Dutch veterinarian gives second life
With her big blue eyes she looks at you lovingly and you can almost see her regained joy of life. She jumps after her ball completely exuberantly and that without swaying or falling down. A picture that would not have been possible without the help of the animal protection organisation Kannan Animal Welfare.
But from the beginning.
Goose is a 4 month old Siberian husky lady who was found abandoned in New Delhi, India last August. What nobody knows, Goose suffers from hydrocephalus. That means her body is producing too much brain fluid. As a result she suffered from coordination problems, sudden falling down, chronic headaches and epileptic tremor. If left untreated, this disease can cause brain damage and even death.
There are over 30 million wild street dogs in India and they are a subject of dispute that affects the whole nation. Here the opinions differ. One side wants to help the dogs, the other would like to get rid of them. If a dog with strange symptoms is added to this, the willingness of people to help is very low. For this reason, Goose was so lucky that she was found by the animal welfare organisation Kannan Animal Welfare and taken to a doctor. After the diagnosis it was clear that an Indian veterinarian cannot help the animal, because neurosurgery on animals is a foreign word in India.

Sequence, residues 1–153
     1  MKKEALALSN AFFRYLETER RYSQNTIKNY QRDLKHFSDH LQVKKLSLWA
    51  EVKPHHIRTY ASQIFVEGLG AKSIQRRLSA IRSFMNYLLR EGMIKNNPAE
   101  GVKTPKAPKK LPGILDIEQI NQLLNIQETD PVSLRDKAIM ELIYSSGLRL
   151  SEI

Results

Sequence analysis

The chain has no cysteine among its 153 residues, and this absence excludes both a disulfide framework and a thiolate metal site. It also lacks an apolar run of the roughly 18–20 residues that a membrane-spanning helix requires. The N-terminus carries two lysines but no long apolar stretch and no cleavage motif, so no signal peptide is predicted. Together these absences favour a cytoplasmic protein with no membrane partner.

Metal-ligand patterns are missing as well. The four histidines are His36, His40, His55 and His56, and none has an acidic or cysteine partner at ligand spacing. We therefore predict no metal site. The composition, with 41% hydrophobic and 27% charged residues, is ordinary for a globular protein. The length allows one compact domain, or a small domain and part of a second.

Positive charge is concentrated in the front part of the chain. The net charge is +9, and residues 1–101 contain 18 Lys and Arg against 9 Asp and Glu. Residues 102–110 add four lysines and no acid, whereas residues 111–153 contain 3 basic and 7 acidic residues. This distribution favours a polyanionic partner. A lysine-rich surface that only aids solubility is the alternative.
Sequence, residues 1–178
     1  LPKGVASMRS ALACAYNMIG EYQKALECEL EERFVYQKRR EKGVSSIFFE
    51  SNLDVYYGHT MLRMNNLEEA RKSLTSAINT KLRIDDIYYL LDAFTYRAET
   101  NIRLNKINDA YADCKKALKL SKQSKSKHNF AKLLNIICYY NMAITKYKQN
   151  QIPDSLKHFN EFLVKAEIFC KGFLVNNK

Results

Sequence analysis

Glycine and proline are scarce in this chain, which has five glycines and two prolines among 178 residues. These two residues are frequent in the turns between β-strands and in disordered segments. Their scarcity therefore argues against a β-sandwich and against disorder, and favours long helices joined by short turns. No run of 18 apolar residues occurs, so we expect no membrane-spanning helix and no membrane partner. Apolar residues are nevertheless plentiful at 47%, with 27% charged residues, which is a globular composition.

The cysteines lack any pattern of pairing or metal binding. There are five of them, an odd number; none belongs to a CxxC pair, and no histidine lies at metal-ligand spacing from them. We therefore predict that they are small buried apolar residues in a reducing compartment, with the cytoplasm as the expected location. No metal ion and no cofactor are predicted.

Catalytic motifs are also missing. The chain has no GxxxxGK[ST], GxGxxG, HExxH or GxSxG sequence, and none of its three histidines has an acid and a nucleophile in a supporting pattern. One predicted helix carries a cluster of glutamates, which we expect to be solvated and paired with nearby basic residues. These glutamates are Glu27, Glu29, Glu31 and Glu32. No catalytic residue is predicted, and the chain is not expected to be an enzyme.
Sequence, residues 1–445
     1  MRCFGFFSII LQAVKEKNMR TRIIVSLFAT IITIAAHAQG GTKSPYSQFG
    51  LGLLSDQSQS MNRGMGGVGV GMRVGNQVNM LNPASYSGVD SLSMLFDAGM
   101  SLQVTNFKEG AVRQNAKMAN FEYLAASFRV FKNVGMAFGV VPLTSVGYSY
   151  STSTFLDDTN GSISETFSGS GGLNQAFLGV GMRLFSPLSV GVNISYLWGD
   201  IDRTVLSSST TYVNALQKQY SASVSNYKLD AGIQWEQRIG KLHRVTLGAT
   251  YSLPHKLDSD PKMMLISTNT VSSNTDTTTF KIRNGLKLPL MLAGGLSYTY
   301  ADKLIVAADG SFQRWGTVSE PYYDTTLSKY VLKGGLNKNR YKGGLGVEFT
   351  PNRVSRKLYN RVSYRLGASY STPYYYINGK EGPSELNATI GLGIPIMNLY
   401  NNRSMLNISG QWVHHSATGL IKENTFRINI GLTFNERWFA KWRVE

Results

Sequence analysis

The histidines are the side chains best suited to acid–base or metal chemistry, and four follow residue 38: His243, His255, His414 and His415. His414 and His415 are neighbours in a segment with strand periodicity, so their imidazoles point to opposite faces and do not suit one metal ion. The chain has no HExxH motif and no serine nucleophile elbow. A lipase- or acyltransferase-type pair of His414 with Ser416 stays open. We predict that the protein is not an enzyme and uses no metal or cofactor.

However, the animal welfare organisation still wanted to help the dog and contacted veterinarians all over the world for three months. After two months, the glimmer of hope, Dutch veterinarian Dr. Meji, who trains veterinarians around the world, contacted them and agreed to fly to India to take care of Goose.
Kannan Animal Welfare sponsored the arrival and stay of Dr. Meji and Mex Vet paid for the medical procedures.
At about this time B. Braun also became involved in the events. A shunt system was needed for the animal. B. Braun donated this shunt system when they heard about the Goose story from Dr. Meji.
On November 16, 2019 the operation took place in New Delhi under the direction of Dr. Meji. Dr. Sharme from New Delhi, Dr. Leena Dalal from Mumbai and Dr. Laxmi Srinivasan from Hyderabad succeeded in placing the shunt system after a technical introduction by Goose. The procedure became the first neurosurgical intervention on animals in India and gained popularity.
Goose has come through the operation very well and now has good prospects for a happy and healthy life.